When wizards first appeared in the seventh century CE, they were generally accepted as minor hocus-pocus charlatans who cast charms, dole out drops of poison, or inflict minor wounds upon their victims - a useful practice for warding off and trapping unwanted visitors, and if you forgot to bring along your protective charm or poisonous concoction with you, it was no problem at all. Magical technology has changed and grown vastly since then, with the need for such primitive tricks fading, the skills and knowledge of those who practice magic spreading all over the world, and wizard families and colleges developing and perfecting magical skills and arts in unprecedented ways.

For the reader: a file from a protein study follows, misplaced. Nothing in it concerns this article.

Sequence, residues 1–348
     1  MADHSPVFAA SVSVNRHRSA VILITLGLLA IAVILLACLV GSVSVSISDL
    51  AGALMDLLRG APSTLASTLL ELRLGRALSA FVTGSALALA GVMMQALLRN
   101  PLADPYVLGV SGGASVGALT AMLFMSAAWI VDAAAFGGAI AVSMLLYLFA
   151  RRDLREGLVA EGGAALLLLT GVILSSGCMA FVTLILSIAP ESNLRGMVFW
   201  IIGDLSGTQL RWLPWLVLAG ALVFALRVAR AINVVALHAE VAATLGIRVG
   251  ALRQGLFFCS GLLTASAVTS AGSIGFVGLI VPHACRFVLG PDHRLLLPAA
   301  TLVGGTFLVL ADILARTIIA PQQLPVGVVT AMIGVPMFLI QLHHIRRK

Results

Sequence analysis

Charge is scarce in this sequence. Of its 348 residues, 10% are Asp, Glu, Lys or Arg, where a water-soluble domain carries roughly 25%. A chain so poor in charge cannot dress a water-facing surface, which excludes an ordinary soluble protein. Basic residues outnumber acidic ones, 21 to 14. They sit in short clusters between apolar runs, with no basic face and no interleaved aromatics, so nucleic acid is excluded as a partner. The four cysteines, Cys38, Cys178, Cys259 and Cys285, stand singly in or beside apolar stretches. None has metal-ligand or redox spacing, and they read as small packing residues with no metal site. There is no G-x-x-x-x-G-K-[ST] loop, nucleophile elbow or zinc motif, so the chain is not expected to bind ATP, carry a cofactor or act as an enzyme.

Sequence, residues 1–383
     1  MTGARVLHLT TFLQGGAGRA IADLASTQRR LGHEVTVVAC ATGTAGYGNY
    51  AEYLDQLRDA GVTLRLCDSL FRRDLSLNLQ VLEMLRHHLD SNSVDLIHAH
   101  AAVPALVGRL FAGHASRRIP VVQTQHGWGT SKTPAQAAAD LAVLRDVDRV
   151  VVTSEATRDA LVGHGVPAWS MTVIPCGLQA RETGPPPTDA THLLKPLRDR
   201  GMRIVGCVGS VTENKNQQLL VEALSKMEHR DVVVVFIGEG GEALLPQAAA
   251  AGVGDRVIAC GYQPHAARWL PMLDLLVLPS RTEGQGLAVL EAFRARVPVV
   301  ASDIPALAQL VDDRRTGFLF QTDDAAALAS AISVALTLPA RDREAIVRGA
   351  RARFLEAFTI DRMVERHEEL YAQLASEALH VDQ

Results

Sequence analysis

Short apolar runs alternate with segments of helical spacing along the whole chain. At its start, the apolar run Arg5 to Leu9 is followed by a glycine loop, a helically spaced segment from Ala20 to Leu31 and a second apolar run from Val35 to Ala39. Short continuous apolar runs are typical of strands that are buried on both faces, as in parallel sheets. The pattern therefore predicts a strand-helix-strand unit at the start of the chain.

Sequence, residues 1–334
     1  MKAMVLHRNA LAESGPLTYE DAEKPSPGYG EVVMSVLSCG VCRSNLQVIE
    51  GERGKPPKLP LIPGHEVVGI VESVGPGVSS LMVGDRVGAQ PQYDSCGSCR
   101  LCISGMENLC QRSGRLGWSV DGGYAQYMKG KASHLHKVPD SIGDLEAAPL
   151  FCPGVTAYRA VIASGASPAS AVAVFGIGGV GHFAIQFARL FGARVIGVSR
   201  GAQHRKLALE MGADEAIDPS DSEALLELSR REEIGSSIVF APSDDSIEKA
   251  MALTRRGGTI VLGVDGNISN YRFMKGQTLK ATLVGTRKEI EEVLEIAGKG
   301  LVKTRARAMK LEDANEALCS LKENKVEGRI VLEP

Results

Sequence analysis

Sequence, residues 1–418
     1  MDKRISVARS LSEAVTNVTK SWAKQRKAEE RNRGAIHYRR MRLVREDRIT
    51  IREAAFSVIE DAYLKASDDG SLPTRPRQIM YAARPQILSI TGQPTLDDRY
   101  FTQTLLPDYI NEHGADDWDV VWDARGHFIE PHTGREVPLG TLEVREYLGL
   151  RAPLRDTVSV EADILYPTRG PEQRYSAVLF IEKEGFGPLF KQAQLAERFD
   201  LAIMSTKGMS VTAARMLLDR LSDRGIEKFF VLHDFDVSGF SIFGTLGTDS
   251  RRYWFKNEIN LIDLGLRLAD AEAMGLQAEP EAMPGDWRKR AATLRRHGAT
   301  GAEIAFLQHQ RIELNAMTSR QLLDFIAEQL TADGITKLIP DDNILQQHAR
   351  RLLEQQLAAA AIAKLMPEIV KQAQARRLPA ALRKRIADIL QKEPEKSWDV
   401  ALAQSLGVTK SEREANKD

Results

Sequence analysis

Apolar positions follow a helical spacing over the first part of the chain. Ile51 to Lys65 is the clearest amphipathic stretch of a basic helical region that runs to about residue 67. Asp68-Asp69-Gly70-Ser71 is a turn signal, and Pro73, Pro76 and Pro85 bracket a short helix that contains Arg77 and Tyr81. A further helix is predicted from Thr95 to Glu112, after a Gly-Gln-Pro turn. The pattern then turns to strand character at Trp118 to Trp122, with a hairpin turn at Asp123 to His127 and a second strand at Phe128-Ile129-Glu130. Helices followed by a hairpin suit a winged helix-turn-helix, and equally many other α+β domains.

The original AD&D game saw the rise of 'white' mages, who favored spells that had a stronger effect than curses, and relied mostly on a mastery of magic that emphasized the victim's constitution. While 'grey' mages relied more on the casting of minor magical effects, 'black' mages focused more on deceptive spells, traps, and illusions. The good AD&D rulebook states that mages can use at least 30 spells, but there are also many schools of magic, ranging from Arcanismic magery, used by those who have an innate natural affinity for magic and magic users who derived their power from elemental magic such as the fire, air, and water dragons, to Chthonian magery, used by mages who can use power from the earth, such as earth dragons, to Celestian magery, used by mages who have innate control over the powers of the stars, such as Star Dragons. The Quartzarine are natural and untrained wizards who are more of a pit fighter, and can utilize spells, such as Slash and Twirling in a similar manner to the monk. They also provide the best damage and defense bonuses at lower levels. Vertaile can cast spells that use the earth as a focus point, which allows them to cause blasts of earth, frequent rockfalls, and make mini earthquakes that will shake adjacent tiles. Gith can increase melee damage, reduce incoming damage, or lower incoming damage by 50% with a Raise. They also craft their own weapons, such as maces, polearms, and ebonhamite knives. The elemental wizards can sacrifice their power and life force to forge special weapons and perform elemental effects such as fireballs or earthquakes. d2c66b5586